Nvidia showcases new Kepler-powered Tesla GPUs

Nvidia is showcasing two new Kepler-powered Tesla GPUs at its annual GPU Technology Conference in San Jose, California.

According to Nvidia CEO Jen-Hsun Huang, the Tesla K10 and K20 GPUs were engineered to handle the “most complex HPC problems” in the world. 

Designed with a focus on high performance and extreme power efficiency, Kepler is three times as efficient as its Fermi predecessor, which successfully created a new standard for parallel computing when introduced two years ago.

“Fermi was a major step forward in computing. It established GPU-accelerated computing in the top tier of high performance computing and attracted hundreds of thousands of developers to the GPU computing platform,” Nvidia chief scientist Bill Dally explained.

“Kepler will be equally disruptive, establishing GPUs broadly into technical computing, due to their ease of use, broad applicability and efficiency.”

Nvidia’s Tesla K10 GPU is optimized for the energy exploration market and the defense industry – targeting signal, image and seismic processing applications. A single Tesla K10 accelerator board features two GK104 Kepler GPUs that deliver an aggregate performance of 4.58 teraflops of peak single-precision floating point and 320 GB per second memory bandwidth.

Meanwhile, Nvidia dubbed th K20 GPU the “new Tesla flagship,” as it delivers three times more double precision compared to Fermi architecture-based Tesla cards.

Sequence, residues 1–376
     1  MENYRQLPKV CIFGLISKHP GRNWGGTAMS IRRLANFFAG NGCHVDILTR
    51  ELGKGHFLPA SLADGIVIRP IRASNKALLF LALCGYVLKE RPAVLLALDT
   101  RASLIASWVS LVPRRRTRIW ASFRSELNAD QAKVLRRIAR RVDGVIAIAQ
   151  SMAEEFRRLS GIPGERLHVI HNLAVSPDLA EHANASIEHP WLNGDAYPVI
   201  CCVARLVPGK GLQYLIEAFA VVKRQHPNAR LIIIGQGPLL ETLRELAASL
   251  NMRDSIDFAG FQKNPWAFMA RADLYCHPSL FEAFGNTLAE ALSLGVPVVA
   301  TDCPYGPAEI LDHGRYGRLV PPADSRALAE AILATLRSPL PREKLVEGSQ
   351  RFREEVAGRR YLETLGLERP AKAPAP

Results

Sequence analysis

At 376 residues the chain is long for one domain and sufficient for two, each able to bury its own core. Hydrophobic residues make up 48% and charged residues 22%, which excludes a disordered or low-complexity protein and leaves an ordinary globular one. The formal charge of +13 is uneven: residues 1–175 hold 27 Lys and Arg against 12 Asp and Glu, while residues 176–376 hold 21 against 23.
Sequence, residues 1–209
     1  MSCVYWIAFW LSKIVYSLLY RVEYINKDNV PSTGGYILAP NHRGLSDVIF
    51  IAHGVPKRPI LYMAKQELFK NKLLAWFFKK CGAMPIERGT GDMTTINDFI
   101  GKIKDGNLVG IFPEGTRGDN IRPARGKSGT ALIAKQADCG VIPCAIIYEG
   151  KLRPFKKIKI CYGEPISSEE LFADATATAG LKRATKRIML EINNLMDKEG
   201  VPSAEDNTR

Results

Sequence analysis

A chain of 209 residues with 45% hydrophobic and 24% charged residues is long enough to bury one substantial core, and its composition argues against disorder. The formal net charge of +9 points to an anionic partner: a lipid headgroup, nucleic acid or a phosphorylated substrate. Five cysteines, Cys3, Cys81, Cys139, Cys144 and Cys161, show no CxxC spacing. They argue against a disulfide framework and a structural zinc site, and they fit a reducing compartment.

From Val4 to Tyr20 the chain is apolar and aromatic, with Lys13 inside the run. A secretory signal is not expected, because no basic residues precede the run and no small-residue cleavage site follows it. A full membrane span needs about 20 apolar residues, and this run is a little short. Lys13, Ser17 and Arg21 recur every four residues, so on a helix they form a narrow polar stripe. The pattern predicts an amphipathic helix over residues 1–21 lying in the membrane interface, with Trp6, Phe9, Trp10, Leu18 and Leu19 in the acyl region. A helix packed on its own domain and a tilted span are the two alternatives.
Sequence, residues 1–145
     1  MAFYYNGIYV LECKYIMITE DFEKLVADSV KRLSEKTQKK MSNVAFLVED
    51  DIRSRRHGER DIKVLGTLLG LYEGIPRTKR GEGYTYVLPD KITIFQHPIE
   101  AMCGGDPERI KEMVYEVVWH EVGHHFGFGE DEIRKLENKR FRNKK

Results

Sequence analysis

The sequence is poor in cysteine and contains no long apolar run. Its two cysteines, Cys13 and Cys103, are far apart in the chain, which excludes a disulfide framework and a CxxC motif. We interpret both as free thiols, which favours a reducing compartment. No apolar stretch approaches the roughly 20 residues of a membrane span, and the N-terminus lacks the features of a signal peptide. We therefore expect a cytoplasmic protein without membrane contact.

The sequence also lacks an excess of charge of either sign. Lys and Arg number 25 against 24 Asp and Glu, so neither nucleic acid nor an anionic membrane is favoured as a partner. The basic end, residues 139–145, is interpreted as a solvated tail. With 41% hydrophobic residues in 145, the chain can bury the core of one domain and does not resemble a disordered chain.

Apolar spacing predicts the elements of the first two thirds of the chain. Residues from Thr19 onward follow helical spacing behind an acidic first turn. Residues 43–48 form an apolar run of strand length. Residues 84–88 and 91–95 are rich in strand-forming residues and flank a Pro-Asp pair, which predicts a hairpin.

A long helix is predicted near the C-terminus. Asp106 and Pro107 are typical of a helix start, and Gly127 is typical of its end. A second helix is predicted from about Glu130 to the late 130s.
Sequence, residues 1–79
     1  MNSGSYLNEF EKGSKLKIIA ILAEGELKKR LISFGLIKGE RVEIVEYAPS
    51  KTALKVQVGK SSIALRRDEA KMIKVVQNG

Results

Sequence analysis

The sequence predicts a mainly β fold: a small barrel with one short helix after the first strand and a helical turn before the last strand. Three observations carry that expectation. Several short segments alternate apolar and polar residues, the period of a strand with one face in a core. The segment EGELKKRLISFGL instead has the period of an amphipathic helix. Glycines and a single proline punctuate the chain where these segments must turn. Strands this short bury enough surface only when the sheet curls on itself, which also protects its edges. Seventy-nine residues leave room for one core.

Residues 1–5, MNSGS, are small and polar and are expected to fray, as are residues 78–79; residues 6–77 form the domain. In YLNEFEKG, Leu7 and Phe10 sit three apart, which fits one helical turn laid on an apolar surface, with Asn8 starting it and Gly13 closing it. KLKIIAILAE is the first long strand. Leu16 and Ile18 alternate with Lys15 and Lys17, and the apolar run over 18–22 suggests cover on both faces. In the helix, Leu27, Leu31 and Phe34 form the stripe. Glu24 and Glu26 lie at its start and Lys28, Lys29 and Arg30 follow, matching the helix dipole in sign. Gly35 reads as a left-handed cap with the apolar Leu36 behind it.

The GK110 GPU is slated to be incorporated into the new Titan supercomputer at the Oak Ridge National Laboratory in Tennessee and the Blue Waters system at the National Center for Supercomputing Applications at the University of Illinois at Urbana-Champaign.

Additional K10 and K20 features include:

SMX Streaming Multiprocessor – The basic building block of every GPU, the SMX streaming multiprocessor was redesigned from the ground up for high performance and energy efficiency. It delivers up to three times more performance per watt than the Fermi streaming multiprocessor, making it possible to build a supercomputer that delivers one petaflop of computing performance in just 10 server racks. SMX’s energy efficiency was achieved by increasing its number of CUDA architecture cores by four times, while reducing the clock speed of each core, power-gating parts of the GPU when idle and maximizing the GPU area devoted to parallel-processing cores instead of control logic.

Dynamic Parallelism – This capability enables GPU threads to dynamically spawn new threads, allowing the GPU to adapt dynamically to the data. It signficantly simplifies parallel programming, enabling GPU acceleration of a broader set of popular algorithms, such as adaptive mesh refinement, fast multipole methods and multigrid methods.

Hyper-Q – This enables multiple CPU cores to simultaneously use the CUDA architecture cores on a single Kepler GPU – dramatically increaseing GPU utilization, slashing CPU idle times and advancing programmability. Hyper-Q is ideal for cluster applications that use MPI.